Exclusion Monitoring: Does it really have to be that complicated?
There are two main federal Exclusion data sets and 33 state Medicaid Exclusion lists. As one might imagine, not all of them share data with each other, let alone to the OIG on a timely basis. In order to demonstrate the differences in searching and matching on these two divergent databases, it reminds us of choosing between the Android operating system and the Apple IOS X system; the functionality of the Samsung Galaxy 5 vs. the Apple Iphone…..(you get the picture).
Just like cellphones and operating systems, some federal data sets are easier than others to conduct, search, match and determine if a possible record matches your candidate or employee/vendor.
The SAM database is not one of them even though.
It was formed under a mandate from the Affordable Care Act in an attempt to create one broader dataset of individuals and entities that are debarred, sanctioned or excluded from doing business under a federal contract. The SAM site is the result of that effort.
It stands for the System for Award Management. The SAM dataset includes several federal contracting databases, but the most significant one for healthcare providers is the Government Services Administration’s list of Excluded Parties List System. (GSA-EPLS).
The other federal Exclusion list is the Office of Inspector General’s List of Excluded Individuals and Entities (OIG-LEIE). This list has been in existence since the early 1990’s and is a compilation of those persons and/or entities that have been excluded from participation in the federal healthcare dollar programs. The list was designed to include all exclusions across the country.
However, audits of the OIG show that it is missing up to 61% of exclusions at the state level. This blog will not address why or how; however, if you want to learn more about that we have blogged about it here.
Best way to search and match:
You need the last and first name of the individual, or the full name of the entity. Simply enter that data and if a possible name(s) are in the OIG-LEIE, you will be prompted to enter a Social Security Number for an individual to determine if it is a match. (A federal Employer Tax ID is not necessary to determine a match for an entity).
Pretty simple to use and quick to match a possible name. (www.sam.gov)
There are nine steps that need to be taken in order to search and match a possible record. It is important to note that exact punctuation and formatting is a factor when searching the SAM database. Here is an example:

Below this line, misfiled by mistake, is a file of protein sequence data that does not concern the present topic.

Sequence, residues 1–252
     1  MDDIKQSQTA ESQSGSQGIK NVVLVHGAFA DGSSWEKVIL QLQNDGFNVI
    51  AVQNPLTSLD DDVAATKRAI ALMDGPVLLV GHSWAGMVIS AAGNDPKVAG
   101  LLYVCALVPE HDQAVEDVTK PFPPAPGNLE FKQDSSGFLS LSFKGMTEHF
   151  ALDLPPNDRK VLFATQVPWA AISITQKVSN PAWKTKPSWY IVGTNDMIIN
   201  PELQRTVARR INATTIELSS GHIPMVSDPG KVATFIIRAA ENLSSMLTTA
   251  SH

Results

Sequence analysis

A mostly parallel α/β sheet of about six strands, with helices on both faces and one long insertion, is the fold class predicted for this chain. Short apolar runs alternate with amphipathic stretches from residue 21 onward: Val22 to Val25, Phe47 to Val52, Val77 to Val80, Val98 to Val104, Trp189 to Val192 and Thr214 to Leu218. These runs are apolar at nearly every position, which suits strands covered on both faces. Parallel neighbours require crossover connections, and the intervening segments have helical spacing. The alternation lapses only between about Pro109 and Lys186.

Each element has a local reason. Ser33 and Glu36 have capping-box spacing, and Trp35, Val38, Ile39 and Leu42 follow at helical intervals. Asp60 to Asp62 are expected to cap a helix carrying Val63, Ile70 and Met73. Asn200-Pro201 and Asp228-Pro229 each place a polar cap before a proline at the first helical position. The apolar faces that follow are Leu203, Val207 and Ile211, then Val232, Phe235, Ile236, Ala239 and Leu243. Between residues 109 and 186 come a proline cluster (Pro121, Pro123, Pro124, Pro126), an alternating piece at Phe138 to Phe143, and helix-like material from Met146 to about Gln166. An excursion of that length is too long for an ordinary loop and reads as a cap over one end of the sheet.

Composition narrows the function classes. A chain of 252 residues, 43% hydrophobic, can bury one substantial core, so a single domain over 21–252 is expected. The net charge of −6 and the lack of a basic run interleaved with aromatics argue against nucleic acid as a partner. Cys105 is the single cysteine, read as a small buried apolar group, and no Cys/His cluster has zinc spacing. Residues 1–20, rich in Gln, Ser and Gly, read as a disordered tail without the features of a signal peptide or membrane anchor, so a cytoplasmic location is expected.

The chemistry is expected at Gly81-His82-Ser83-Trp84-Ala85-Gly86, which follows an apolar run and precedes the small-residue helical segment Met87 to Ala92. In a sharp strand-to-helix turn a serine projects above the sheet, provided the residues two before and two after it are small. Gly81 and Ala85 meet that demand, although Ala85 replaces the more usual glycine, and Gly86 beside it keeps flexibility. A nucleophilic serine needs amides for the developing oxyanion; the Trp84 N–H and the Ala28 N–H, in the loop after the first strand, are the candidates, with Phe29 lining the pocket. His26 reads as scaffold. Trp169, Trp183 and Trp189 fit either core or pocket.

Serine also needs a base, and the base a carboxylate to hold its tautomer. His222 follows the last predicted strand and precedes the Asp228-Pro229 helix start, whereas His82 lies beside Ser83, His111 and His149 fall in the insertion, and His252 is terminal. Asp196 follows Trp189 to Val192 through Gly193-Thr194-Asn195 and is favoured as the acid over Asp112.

Mr. Godfrey has been excluded by the OIG.
His address is 1625 St. Mary St. Apt 4 in Jackson, Mississippi.
But if you enter 1625 St. Mary Street #4 (notice the absence of "Apt."), you will find it. The address link is therefore too finicky to rely upon without additional searching.
In order to do that on SAM.gov, you will need to click as follows (on the left side of the search screen, for each person and entity):
- Performance Entity
- Entity Information (even if it is an individual)
- Individual name
- First Name
- Middle Name (if known- we recommend leaving this blank to get a broader search)
- Last Name
- Social Security Number
Although OIG-LEIE and SAM are two different federal exclusion lists, both should be searched each month.
Further, since there are gaps in reporting state Medicaid Exclusion data to the OIG-LEIE and the fact that the SAM.gov EPLS data is missing approximately 7% of state exclusion data on entities, a thorough search of the available 33 state Medicaid exclusion lists should also be performed each month.
No one said compliance was easy. However, it does make buying a phone seem like a piece of cake!
Written by Michael Rosen, ESQ
ProviderTrust Co-Founder, email@example.com
Michael brings over 20 years of experience founding and leading risk mitigation businesses, receiving numerous accolades such as: Inc Magazine's Inc 500 Award and Nashville Chamber of Commerce Small Business of the Year
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